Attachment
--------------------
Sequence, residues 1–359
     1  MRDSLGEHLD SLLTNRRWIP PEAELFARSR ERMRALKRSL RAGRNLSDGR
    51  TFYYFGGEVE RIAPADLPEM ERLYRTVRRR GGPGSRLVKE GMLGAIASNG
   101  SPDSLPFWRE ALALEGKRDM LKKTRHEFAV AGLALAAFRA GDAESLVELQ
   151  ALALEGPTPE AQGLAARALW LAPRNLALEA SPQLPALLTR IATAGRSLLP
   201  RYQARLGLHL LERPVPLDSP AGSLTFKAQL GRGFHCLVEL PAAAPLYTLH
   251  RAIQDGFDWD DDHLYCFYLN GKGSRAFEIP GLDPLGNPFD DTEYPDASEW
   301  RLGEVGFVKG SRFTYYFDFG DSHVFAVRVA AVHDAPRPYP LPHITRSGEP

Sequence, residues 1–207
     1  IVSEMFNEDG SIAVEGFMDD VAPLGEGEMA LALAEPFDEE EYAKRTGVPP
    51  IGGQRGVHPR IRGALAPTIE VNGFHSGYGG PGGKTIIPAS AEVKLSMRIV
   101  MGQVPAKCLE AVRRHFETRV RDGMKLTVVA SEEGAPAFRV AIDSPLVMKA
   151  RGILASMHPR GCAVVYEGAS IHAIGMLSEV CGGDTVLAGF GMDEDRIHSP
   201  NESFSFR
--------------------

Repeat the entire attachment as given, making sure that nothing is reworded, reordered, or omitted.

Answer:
Sequence, residues 1–359
     1  MRDSLGEHLD SLLTNRRWIP PEAELFARSR ERMRALKRSL RAGRNLSDGR
    51  TFYYFGGEVE RIAPADLPEM ERLYRTVRRR GGPGSRLVKE GMLGAIASNG
   101  SPDSLPFWRE ALALEGKRDM LKKTRHEFAV AGLALAAFRA GDAESLVELQ
   151  ALALEGPTPE AQGLAARALW LAPRNLALEA SPQLPALLTR IATAGRSLLP
   201  RYQARLGLHL LERPVPLDSP AGSLTFKAQL GRGFHCLVEL PAAAPLYTLH
   251  RAIQDGFDWD DDHLYCFYLN GKGSRAFEIP GLDPLGNPFD DTEYPDASEW
   301  RLGEVGFVKG SRFTYYFDFG DSHVFAVRVA AVHDAPRPYP LPHITRSGEP

Sequence, residues 1–207
     1  IVSEMFNEDG SIAVEGFMDD VAPLGEGEMA LALAEPFDEE EYAKRTGVPP
    51  IGGQRGVHPR IRGALAPTIE VNGFHSGYGG PGGKTIIPAS AEVKLSMRIV
   101  MGQVPAKCLE AVRRHFETRV RDGMKLTVVA SEEGAPAFRV AIDSPLVMKA
   151  RGILASMHPR GCAVVYEGAS IHAIGMLSEV CGGDTVLAGF GMDEDRIHSP
   201  NESFSFR